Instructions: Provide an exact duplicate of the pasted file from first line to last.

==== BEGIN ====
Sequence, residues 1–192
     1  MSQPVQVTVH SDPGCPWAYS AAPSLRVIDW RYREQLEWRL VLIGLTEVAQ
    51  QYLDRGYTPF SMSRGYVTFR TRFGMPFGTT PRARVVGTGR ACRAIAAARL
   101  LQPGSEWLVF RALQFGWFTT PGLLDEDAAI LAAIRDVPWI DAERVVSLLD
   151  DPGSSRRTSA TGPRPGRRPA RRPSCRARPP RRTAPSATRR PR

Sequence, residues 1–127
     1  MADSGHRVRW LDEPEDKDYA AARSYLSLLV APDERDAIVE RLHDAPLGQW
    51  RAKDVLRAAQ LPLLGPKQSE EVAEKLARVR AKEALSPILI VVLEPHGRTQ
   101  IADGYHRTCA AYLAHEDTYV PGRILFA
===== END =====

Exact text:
Sequence, residues 1–192
     1  MSQPVQVTVH SDPGCPWAYS AAPSLRVIDW RYREQLEWRL VLIGLTEVAQ
    51  QYLDRGYTPF SMSRGYVTFR TRFGMPFGTT PRARVVGTGR ACRAIAAARL
   101  LQPGSEWLVF RALQFGWFTT PGLLDEDAAI LAAIRDVPWI DAERVVSLLD
   151  DPGSSRRTSA TGPRPGRRPA RRPSCRARPP RRTAPSATRR PR

Sequence, residues 1–127
     1  MADSGHRVRW LDEPEDKDYA AARSYLSLLV APDERDAIVE RLHDAPLGQW
    51  RAKDVLRAAQ LPLLGPKQSE EVAEKLARVR AKEALSPILI VVLEPHGRTQ
   101  IADGYHRTCA AYLAHEDTYV PGRILFA